Now I am almost at the end of my residency, and to my very pleasant surprise, I matched into a Pulmonary and Critical Care Medicine fellowship at Rutgers University in New Jersey. I did apply in Canada as well, however not in Quebec, because Quebec programs did not accept IMG applicants. Now comes the tricky part: I need Quebec’s endorsement and Canada’s permission to pursue the specialty that I am passionate about. Without Canada’s permission in the form of a letter called the Statement of Need, I cannot extend my visa and would not be allowed to stay and work in the U.S. Every October, Quebec and the rest of Canada come out with a list of medical specialties that they consider to be “in need.” If your chosen specialty does not appear on the list, your province or country will not issue that Statement of Need on your behalf. The result is you are without a visa.

Why not come back to Canada, you say? That was my original plan all along, but the length of training in Internal Medicine in the U.S. being two years shorter than in Canada, I cannot practice as a licensed internist in Canada unless I find an empty spot in the middle of a residency program. You can imagine how difficult that is, and the paperwork that is involved. So should I return to Quebec or Canada, you might find me working as an overqualified burger flipper.

Confused? That is ok. This is indeed a very complex and confusing process that my peers and I learn as we go along.

A Quebecois SGU classmate and friend of mine just matched into Rheumatology in NJ for which Health Canada had alloted five spots by this year. He waited with trepidation to see if he would be one of those five, and luckily he was. Another Canadian classmate of mine, also from Quebec, finished Neurology and wished to continue his training in Neurocritical Care but was not “allowed,” so now he is doing a fellowship in Epilepsy at Yale University. Prestigious position, no doubt, but not what he really loves.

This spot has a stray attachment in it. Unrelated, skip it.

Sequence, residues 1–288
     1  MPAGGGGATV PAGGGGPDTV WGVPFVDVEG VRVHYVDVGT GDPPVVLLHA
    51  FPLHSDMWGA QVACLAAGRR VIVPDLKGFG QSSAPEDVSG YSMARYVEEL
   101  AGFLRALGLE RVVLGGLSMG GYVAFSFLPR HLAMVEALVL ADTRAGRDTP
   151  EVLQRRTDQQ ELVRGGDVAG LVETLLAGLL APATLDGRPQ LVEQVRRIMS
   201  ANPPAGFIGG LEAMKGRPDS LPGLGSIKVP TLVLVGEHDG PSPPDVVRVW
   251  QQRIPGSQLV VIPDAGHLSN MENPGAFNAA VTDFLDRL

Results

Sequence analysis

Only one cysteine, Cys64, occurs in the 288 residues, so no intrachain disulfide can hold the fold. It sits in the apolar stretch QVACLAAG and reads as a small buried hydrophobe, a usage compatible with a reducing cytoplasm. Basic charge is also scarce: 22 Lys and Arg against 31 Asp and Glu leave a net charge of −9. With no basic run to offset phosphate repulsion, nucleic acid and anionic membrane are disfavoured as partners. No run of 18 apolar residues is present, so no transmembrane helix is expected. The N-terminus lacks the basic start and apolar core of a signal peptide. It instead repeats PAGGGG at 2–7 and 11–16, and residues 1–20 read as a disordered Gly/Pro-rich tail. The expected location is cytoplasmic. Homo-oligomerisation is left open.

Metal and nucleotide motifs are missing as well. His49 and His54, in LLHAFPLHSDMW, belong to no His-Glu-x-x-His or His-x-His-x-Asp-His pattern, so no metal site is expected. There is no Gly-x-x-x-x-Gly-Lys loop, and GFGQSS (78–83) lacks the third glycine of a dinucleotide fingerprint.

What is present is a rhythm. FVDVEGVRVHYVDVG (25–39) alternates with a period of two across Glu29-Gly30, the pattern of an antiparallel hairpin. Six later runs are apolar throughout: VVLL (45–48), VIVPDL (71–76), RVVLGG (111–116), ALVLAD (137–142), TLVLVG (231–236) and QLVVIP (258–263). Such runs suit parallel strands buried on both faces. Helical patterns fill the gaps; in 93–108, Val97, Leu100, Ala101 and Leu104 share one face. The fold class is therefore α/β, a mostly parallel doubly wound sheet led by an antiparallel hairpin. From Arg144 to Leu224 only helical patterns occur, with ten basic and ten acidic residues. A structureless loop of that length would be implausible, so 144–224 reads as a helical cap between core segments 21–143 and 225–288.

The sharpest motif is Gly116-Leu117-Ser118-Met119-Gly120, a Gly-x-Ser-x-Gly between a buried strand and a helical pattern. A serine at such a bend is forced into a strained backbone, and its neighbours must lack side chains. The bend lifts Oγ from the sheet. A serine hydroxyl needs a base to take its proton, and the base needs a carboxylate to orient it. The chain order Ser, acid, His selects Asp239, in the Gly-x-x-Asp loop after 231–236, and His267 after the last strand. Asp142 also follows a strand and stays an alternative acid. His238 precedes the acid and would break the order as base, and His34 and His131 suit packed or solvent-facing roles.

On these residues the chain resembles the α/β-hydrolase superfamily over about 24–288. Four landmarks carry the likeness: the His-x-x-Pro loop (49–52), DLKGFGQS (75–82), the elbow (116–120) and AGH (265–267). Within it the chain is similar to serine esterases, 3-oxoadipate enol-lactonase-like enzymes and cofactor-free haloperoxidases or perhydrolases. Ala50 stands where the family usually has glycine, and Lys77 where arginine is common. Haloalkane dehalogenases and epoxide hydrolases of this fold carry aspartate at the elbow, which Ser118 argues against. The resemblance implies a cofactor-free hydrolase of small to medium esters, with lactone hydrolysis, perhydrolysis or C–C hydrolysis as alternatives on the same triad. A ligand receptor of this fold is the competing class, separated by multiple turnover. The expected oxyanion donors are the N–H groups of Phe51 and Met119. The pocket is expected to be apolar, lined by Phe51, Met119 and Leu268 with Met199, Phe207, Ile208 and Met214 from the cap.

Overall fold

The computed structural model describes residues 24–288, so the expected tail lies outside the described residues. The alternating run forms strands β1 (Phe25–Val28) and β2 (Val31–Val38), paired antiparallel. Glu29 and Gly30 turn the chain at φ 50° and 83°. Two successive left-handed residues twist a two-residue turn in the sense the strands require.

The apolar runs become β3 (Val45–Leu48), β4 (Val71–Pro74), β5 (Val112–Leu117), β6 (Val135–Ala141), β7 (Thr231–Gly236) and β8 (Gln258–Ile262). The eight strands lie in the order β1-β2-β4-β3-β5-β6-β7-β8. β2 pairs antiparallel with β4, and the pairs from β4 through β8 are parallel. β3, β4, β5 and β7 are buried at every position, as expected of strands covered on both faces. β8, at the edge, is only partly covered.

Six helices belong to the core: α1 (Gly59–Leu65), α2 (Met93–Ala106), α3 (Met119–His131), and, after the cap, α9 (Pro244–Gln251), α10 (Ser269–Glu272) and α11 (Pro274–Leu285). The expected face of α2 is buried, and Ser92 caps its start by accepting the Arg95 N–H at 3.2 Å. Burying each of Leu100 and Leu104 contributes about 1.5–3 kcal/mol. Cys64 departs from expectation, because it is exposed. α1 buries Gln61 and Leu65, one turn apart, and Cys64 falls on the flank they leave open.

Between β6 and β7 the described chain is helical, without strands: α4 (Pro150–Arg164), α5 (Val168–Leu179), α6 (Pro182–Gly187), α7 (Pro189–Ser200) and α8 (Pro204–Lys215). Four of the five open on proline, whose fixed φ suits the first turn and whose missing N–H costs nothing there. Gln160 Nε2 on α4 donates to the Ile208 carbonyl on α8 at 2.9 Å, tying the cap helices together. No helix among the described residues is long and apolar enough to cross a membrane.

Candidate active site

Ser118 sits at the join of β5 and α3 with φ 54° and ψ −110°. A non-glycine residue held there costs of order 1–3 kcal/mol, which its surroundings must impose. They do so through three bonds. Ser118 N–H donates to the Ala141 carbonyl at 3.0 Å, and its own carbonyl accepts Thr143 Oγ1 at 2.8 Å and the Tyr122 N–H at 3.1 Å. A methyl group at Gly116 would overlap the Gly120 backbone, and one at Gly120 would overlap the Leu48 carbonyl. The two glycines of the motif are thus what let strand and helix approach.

Why are there only five spots allotted to Canadian IMGs who wish to train in Rheumatology abroad? It cannot be a question of funding because the Canadian government is not involved in our training in the U.S. And if Canada has not contributed a single penny to our medical education and training, why does the government restrict what we can or cannot practice? These are questions that we ask ourselves again and again because we do not know who would have the answers, if there is any answer at all.

As for myself, those who know me know how much I love critical care and appreciate pulmonology (respirology in Canada). After all these years of trial and tribulation, to finally arrive where I want to be is a truly rewarding feeling. I am now in the process of working things out, but as of this moment, a piece of paper stands between me and my chosen career.

Next time somebody asks me what I do for a living, saying that I work in the zoo might not be as far-fetched as it sounds.


Melody Ko


Last Monday was the long awaited day! The Match! That’s when med students find out where they will be spending the next couple of years; if they match! If not, it’s a long year before another chance comes around. Monday came. Phew! I found out I matched. But it would not be until Friday that we would find out exactly where we would be heading.